Basketball

Skylar Diggins-Smith, Nneka Ogwumike, Sue Bird, and Diana Taurasi Cover SLAM 232

When the WNBA was first launched in 1997, its first well-known tagline was We Got Next. Twenty-five years later, the League is about to embark on a historic season as it celebrates its quarter of a century existence, and it’s no longer about We Got Next but We Got Now.

Sue Bird and Diana Taurasi joined the League a few years after its inception and have played critical roles on and off the court in putting it in the position it’s in today. Nneka Ogwumike joined some years later and has been crucial to the voice of the WNBPA and ensuring that the women who play on the court are heard on everything from basketball-related issues to social justice reform and much more. Skylar Diggins-Smith brought a new era of the game with her as social media flourished, and now she’s one of the most followed women’s professional athletes in the world.

Order your copy of SLAM 232 featuring Skylar Diggins-Smith, Nneka Ogwumike, Sue Bird, and Diana Taurasi now.

Each of these four real-life superheroes formed a revolution in women’s sports and helped evolve the game that we love for generations to come.

SLAM: Did you ever imagine yourself saying that you would be playing in the 25th season of the WNBA when you first picked up a basketball?

DIANA: No. I think you know growing up and being a 12-year-old and the WNBA just starting and living in L.A., going to Great Western Forum and seeing Lisa [Leslie] play and all of the visiting teams, it was shocking because I was only going to watch the Lakers and now I’m watching the WNBA. So that to me was kind of the beginning of, Oh, I kinda like this. There might be a future in basketball. But 25 years in, that’s pretty impressive. 

SUE: For me, I remember when it was the 10th anniversary, when it was the 15th anniversary, so I’m just happy. It’s another anniversary because we’re doing well, we’re getting better and better and it’s going to continue to grow.

SLAM: What’s the first thing that comes to mind now that you’re about to begin this historic season?

SKY: I think we have great momentum from last year. It’s rejuvenating almost. I’m super excited, obviously to be a part of it, but to be a part of it with these women, with this group. I’m proud to say everything that we’ve been able to accomplish on and off the floor, all those efforts. I think it’s a culmination and using that momentum into the 25th season I think it’s going to be really exciting. 

NNEKA: I think the timing going into the 25th season is really interesting with what’s going on in the world and where people see us now. For us to be celebrating 25 years, that’s more than 25 years but also about where that 25 years has landed us. Thinking about that legacy and being able to be a part of it, and actually be a part of the history is really huge. I’m really glad to be able to celebrate it with legends that are still in the game and with more coming toward women in sports. 

SLAM: This group has been a major factor in making the League what it is today. What does that mean to you?

SUE: For me, personally, I do realize that 25 years from now when people look back on the League, they’re going to think of our names when they think of the early years. Because I came into the League, I think in its fifth year, I don’t feel like a pioneer. I don’t feel like the Sheryl Swoopes and the Lisa Leslies and Rebecca Lobos, but I know years from now we’ll be kinda in that group. So, it’s interesting because a part of me feels lucky to be a part of the start and to have helped it grow along the way, but also, we’re still playing so we’re kind of part of this younger generation, too. At the same time, for me, personally, everything that I do now is definitely about younger generations and leaving the business of the WNBA in a better place so it can continue to grow.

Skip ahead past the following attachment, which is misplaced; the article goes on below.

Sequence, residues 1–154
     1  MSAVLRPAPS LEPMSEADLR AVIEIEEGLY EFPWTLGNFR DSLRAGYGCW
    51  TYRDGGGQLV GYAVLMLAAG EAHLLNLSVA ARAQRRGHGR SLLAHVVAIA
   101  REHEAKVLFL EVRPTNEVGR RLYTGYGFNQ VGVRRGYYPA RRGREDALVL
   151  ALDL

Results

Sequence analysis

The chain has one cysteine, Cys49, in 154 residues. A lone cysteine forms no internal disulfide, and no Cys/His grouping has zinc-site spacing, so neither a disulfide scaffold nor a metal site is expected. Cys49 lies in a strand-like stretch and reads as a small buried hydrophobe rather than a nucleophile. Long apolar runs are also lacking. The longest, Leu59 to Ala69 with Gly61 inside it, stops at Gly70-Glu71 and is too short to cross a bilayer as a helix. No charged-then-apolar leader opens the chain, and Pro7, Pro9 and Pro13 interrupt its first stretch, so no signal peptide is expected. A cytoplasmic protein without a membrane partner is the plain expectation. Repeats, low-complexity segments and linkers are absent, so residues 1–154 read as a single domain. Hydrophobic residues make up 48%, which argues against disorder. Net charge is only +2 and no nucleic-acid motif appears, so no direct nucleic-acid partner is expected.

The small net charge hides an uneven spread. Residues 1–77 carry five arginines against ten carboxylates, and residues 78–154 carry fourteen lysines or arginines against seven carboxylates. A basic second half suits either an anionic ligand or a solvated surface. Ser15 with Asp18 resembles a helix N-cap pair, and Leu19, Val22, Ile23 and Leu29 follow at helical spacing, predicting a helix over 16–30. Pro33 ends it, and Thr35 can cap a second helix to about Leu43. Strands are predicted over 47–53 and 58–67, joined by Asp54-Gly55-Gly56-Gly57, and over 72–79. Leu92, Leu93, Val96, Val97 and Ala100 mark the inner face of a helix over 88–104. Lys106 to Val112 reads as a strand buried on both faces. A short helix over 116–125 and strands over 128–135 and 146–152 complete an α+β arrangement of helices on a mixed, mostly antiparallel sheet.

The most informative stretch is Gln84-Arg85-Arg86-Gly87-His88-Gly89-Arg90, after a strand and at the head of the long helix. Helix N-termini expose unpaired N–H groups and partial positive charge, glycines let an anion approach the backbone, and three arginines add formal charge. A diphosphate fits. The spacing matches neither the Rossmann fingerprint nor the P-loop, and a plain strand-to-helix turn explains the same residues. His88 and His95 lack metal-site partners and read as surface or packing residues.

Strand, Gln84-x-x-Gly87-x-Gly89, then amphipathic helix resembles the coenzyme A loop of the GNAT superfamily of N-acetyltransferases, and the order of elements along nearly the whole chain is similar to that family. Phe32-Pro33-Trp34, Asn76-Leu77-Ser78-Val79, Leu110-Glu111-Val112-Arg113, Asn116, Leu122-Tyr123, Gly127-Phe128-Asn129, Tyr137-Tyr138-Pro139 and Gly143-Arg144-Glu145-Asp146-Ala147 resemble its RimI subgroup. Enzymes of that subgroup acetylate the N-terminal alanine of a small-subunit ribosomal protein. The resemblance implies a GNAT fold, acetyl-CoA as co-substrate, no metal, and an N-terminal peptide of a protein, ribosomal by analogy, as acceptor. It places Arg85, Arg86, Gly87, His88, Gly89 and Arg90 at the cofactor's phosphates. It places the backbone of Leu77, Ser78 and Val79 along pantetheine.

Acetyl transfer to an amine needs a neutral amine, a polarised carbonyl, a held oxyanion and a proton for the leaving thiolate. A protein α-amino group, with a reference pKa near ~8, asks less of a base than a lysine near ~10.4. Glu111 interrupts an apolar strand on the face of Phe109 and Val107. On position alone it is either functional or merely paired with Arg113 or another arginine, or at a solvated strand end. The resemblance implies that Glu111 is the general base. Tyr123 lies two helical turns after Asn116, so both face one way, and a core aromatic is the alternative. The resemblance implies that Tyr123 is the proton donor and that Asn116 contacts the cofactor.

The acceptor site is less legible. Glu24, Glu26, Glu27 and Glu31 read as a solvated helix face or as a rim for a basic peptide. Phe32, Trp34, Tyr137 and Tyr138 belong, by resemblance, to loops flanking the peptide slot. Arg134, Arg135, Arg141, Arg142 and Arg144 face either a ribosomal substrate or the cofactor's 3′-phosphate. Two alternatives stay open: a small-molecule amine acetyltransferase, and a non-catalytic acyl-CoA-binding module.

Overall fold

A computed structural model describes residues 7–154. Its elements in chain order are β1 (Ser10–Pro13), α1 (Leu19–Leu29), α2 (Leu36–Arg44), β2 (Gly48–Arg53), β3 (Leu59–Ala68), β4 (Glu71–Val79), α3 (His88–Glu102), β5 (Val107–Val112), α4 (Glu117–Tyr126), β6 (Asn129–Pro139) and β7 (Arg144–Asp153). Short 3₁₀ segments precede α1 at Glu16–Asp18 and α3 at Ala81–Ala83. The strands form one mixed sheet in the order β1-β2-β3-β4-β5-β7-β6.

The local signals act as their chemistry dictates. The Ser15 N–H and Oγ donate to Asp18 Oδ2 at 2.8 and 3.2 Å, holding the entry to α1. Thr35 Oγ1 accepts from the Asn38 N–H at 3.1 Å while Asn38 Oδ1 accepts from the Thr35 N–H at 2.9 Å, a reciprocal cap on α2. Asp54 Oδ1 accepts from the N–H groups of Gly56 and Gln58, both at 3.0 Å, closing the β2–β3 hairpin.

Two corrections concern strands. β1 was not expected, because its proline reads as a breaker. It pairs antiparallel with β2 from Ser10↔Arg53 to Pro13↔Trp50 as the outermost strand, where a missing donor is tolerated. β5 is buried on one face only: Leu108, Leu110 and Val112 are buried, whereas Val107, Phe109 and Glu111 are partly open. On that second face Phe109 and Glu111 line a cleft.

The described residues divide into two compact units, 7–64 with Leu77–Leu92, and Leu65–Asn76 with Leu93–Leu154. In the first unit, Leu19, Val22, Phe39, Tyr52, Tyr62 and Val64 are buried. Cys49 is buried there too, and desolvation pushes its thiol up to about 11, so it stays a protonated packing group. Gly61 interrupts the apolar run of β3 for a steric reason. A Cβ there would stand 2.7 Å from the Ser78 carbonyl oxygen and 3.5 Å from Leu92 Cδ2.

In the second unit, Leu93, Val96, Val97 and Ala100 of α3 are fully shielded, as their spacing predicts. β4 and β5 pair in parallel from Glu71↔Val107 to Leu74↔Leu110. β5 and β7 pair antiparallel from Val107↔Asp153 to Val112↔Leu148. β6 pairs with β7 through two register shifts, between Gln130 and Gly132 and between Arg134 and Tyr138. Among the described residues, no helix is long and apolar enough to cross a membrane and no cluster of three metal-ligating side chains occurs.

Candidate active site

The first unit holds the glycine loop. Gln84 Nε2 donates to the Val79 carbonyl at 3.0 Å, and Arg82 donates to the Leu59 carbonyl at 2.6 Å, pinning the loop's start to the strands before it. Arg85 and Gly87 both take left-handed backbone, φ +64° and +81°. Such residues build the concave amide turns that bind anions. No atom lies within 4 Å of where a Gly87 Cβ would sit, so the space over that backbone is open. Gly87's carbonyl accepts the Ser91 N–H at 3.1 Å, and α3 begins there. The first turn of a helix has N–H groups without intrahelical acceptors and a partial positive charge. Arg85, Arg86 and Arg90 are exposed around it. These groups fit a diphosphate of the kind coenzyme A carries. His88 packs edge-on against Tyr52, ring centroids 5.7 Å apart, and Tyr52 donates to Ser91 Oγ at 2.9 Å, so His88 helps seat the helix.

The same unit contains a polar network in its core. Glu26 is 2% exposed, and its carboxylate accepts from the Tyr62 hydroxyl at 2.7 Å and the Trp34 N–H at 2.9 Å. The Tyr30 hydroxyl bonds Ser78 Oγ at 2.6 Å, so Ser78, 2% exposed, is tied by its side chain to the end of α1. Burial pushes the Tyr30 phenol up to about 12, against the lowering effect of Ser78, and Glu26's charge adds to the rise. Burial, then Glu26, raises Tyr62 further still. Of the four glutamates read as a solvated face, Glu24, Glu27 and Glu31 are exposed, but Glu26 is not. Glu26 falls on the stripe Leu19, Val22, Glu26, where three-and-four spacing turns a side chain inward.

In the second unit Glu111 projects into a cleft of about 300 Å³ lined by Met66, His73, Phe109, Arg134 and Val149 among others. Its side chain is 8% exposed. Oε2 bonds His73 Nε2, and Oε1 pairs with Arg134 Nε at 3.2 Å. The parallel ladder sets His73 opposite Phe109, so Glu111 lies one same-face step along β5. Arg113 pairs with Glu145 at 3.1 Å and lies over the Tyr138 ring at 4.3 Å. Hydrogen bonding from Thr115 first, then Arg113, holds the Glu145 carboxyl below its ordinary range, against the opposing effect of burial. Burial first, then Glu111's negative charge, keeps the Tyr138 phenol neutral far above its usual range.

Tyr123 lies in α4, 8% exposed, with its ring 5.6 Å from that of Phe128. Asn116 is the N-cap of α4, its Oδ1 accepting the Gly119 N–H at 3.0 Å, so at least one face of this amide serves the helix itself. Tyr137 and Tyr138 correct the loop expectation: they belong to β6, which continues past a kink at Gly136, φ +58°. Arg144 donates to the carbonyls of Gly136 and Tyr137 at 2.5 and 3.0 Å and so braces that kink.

SKY: That full circle moment, too. I was that girl in ’97. I was 7 years old when the League started so that was my first time not only seeing women play on TV, but women that look like me playing and being on a stage like that. I was that little girl, so to see it come full circle and to see how younger girls respond to us and how they’re taking to our game and want to be like us. Having that in mind, that full circle moment.

SLAM: What are the biggest changes you’ve each seen on the court?

DIANA: Stylistically, the game has changed tremendously. The way it looks, the way it functions, the way we play is night and day from when we came into the League. It used to be a more veteran, more physical League, where now it’s more young and more athletic. These kids are doing shit that we didn’t do until two years ago. They’re so much more advanced skill-wise as far as what they can actually do on the court and it’s impressive to see them working at their craft at such an early age.

SUE: I agree. The two things I would add to D’s point, there’s been an evolution in the rules. I think now we’re almost ahead of the game in terms of the referees and the rules. At some point, when it peaks, it’ll be even better. Then the reality is, it’s 12 teams and 12 roster spots per team. This has been the biggest game of survival of the fittest you’re ever going to find anywhere in athletics. There’s no more competitive League because there’s not many spots. And, well, people like us won’t fucking retire, so you have new draft classes coming in every year and it gets more and more competitive. Which is great, because the product on the floor continues to get better, because it’s literally only the strong survive.